World Food Inflation risk mounts amid Panic Buying, Lockdowns

A woman looks at an empty shelf with a sign announcing the rationing of toilet paper to one pack per person at a Rewe grocery store in Potsdam, Germany, March 20, 2020, as the spread of the coronavirus disease continues. REUTERS/Michele Tantussi/File Photo

Lockdowns and panic food buying due to the coronavirus pandemic could ignite world food inflation; however, there are ample supplies of staple grains and oilseeds in key exporting nations. This was said by a senior economist at FAO and agricultural analysts.

Unprecedented aid into the global economy

The world’s richest nations poured unprecedented aid into the global economy; as coronavirus cases ballooned across Europe and the United States. More so, the number of deaths in Italy outstripping those in mainland China, where the virus originated.

With over 270,000 infections and more than 11,000 deaths, the epidemic stunned the world. This also drew comparisons with periods such as World War Two and the 1918 Spanish flu pandemic.

“All you need is panic buying from big importers such as millers or governments to create a crisis,” said Abdolreza Abbassian, senior economist at the United Nations’ Food and Agriculture Organization (FAO).

Behavioral change not a supply issue

“It is not a supply issue, but it is a behavioral change over food security,” he told Reuters by phone from Rome, the FAO headquarters. “What if bulk buyers think they can’t get wheat or rice shipments in May or June? That is what could lead to a global food supply crisis.”

Consumers across the world from Singapore to the United States have queued at super markets in recent weeks to stock up on items ranging from rice and hand sanitizers to toilet paper.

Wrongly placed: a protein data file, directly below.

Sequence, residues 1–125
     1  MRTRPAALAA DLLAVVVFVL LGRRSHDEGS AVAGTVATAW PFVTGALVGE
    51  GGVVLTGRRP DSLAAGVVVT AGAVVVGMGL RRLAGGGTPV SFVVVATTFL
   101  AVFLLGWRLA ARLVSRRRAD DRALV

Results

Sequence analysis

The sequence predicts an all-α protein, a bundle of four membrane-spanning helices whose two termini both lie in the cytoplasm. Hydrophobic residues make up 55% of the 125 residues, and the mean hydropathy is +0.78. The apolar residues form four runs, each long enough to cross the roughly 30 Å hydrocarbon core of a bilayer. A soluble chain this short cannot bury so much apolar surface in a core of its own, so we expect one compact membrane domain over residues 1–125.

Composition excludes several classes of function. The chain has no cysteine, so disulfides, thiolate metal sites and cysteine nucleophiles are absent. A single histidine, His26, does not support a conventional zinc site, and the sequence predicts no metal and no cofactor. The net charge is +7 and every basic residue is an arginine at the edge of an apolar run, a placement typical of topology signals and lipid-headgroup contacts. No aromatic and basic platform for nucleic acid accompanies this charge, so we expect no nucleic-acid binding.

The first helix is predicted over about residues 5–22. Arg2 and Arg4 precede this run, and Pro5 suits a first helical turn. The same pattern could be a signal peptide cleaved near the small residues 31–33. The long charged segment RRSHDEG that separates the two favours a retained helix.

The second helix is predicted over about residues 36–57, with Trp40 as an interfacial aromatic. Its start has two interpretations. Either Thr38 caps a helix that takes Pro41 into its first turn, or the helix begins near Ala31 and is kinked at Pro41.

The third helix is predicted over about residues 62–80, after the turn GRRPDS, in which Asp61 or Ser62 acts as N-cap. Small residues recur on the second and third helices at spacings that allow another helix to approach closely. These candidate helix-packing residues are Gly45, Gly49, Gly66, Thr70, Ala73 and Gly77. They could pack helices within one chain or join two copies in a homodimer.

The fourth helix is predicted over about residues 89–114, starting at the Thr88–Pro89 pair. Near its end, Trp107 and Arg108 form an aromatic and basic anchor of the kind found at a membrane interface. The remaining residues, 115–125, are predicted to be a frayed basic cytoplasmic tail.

The global benchmark Chicago wheat futures rose more than 6% this week, the biggest weekly gain in nine months, while rice prices in Thailand, the world’s 2nd largest exporter of the grain, have climbed to the highest since August 2013.

France’s grain industry is scrambling to find enough trucks and staff to keep factories and ports running as the panic buying of pasta and flour coincides with a surge in wheat exports.

Restrictions on borders

Restrictions imposed by some European Union countries at their borders with other member states. This came in response to the pandemic are also disrupting food supplies, representatives of the industry and farmers said.

However, global wheat stocks at the end of the crop marketing year in June are projected to rise to 287.14 million tonnes; up from 277.57 million tonnes a year ago, according to the U.S. Department of Agriculture (USDA) estimates.

World rice stocks are projected at 182.3 million tonnes as compared with 175.3 million tonnes a year ago.

Logistics are likely to be a major global issue, analysts said.

“There is about 140 million tonnes of corn that goes in ethanol in the United States. Some of that can used for food as it won’t be needed for fuel, given the drop in oil prices,” said Ole Houe; director of advisory services at brokerage IKON Commodities

“The concern is having food at the right time in the right place.”